In article <TAL.93Feb25224725 at copley.bu.edu> tal at copley.bu.edu (Doron Tal) writes:
>>On the one hand, anatomical evidence suggests that a neuron has, on
>average, on the order of THOUSANDS of neurons impinging on it. On the
>other hand, physiological evidence shows that only a few epsps are
>needed to generate an action potential - which would imply that ONE
>cell is sufficient for exciting the postsynaptic neuron.
>>Can anyone explain this disparity between anatomy and physiology?
>>1. most of the thousands of synapses on a neuron are inactive
>2. a neuron that has thousands of inputs has an extremely large and
>>If we knew what the range of a neuron is, on average, then we'd be
>able to tell between the two above hypotheses.
In addition to the excitatory connections which a neuron can
receive on its dendrites, it can also (and often does) receive
inhibitory synapses. Inhibition has not only a net effect when
looking at the dynamics of neural masses, but it also has the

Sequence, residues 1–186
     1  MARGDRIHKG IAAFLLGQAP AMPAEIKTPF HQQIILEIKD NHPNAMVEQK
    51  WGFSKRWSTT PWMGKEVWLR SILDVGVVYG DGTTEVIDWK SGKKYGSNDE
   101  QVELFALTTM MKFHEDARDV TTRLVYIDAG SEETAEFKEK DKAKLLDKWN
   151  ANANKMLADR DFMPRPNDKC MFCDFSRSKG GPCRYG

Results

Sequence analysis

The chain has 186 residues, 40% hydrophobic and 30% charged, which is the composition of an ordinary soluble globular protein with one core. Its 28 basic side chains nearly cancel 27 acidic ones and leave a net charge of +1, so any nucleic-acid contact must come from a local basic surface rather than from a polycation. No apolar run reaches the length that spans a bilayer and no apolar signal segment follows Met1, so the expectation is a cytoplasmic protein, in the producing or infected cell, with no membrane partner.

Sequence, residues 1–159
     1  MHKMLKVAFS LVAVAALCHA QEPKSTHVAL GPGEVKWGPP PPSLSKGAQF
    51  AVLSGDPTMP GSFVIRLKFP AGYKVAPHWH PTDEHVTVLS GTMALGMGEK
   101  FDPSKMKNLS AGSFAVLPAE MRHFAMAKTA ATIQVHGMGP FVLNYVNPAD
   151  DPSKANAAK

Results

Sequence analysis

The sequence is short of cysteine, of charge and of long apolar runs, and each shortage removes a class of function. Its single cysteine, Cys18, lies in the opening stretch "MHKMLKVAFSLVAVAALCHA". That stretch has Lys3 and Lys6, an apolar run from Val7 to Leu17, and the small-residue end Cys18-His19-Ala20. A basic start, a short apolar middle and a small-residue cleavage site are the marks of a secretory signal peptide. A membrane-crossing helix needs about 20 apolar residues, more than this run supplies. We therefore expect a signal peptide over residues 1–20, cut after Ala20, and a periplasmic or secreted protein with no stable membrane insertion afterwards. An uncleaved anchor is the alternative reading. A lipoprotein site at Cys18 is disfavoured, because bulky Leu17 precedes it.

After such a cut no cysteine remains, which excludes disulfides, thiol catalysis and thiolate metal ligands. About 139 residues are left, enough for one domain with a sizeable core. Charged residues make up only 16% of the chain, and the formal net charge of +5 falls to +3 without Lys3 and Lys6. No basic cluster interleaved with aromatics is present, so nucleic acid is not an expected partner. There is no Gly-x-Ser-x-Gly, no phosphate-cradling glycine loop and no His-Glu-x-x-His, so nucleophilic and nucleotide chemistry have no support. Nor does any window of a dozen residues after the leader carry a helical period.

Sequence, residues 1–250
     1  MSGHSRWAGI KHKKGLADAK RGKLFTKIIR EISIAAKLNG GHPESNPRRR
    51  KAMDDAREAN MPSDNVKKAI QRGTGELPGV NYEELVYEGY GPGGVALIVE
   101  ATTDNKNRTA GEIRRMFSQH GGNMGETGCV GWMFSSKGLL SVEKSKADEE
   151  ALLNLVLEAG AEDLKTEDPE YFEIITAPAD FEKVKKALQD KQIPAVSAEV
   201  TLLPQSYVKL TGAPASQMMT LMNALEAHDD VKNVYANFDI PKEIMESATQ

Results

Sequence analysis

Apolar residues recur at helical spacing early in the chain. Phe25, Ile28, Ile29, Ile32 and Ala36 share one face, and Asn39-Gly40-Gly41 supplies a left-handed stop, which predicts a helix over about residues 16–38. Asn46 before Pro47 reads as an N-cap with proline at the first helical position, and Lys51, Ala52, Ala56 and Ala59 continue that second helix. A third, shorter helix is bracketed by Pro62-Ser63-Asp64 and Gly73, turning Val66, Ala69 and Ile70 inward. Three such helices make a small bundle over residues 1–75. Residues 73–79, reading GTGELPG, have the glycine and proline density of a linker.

effect of modulating the efficacy of excitatory input. There
is an interesting review article in a recent issue of TINS by
Roland Jones (TINS, Vol 16, No 2, p58). In it he discusses
the regulation of EC input to the Hippocampus (EC= Entorhinal
Cortex) by large networks of inhibitory neurons in both layer
II of the EC and the Dentate Gyrus of the Hippocampus. As
a result, he reports that it can take up to 400 axons in
the perforant path to excite one granule cell in the Dentate
Gyrus. (This, I believe, is because of the inhibition in
the DG). In addition it seems to be very hard to excite the
neurons in the EC (spiny stellate cells) which project through
the perforant path, because of the inhibitory network in the EC.
In answer to your question, I'd say "it depends".